Fast forward to tonight.  I sat in the bathtub consciously relaxing.  There was a glass of wine nearby.  A couple of magazines.  Some candles too, but they weren’t lit.  I have only now finished my wine (two hours later) and the magazines…HA…they’ll probably only be read by the babysitter.  To relax tonight all I needed was the warm water and the quiet.  13 years ago (heck, two years ago) I required so many tools to calm myself down.  I used to beg for the inner peace necessary to drift off to sleep naturally when my body was tired.   Despite my best intentions the chatter inside was incessant.

Now I am responsible for this family of three.  It feels like I have exchanged my inner world of chaos and disorder for the present life of gratitude and peace.  The outer worlds have swapped too–the house is never going to be as perfect as I used to require it, and getting to bed before 10pm is practically superwoman.  It is a welcome trade.   It is so much easier to think living in this state near constant inner harmony.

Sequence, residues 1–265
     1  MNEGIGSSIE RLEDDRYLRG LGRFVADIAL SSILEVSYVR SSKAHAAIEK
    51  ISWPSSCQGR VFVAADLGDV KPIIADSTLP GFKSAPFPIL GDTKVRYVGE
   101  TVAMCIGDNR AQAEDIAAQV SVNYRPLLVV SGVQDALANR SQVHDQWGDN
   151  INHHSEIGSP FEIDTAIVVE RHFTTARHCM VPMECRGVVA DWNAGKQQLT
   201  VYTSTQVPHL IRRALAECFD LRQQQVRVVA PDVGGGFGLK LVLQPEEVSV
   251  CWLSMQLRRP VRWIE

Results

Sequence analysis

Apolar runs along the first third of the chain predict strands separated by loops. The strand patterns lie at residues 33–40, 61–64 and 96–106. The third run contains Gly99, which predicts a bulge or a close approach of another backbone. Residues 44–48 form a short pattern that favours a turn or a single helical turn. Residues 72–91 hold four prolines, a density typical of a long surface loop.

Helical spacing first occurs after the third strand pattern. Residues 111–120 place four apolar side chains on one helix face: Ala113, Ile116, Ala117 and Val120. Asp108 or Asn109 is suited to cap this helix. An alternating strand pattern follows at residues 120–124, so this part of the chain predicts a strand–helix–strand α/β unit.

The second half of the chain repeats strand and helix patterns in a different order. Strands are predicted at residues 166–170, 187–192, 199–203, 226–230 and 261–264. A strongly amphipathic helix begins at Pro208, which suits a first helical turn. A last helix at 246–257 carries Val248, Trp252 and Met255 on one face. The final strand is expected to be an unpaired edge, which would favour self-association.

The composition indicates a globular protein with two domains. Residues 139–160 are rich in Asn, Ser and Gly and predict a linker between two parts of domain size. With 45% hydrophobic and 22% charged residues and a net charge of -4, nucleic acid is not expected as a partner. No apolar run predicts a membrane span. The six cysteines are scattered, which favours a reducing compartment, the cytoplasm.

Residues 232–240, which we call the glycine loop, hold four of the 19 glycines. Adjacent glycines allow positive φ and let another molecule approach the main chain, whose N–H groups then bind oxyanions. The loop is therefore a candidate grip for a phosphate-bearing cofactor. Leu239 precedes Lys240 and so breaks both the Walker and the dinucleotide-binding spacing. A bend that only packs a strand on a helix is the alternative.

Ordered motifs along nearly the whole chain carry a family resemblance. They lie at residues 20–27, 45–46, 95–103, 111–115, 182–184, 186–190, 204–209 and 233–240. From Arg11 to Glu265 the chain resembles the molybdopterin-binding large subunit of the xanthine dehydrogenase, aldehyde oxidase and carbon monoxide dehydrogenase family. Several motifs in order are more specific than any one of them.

These days my magazines lay untouched.  I floss.  I know this race I’m in is only with myself, and I will win no matter what.  I’m married.  I am my best self when I’ve stretched in the morning.    I have a son.  We dance!  I love and respect my mother.  I am friends with my sisters.  I’ve lived in the city, and in the country, and I know where I belong.  I am thankful.  I am happy.  I am at peace.

Oh, the sunscreen part?  I’m still working on that.  I think this year I’m finally going to put it on everyday no matter what, since I’ve finally found a potion that doesn’t sting: Chanel UV Essentiel SPF 50.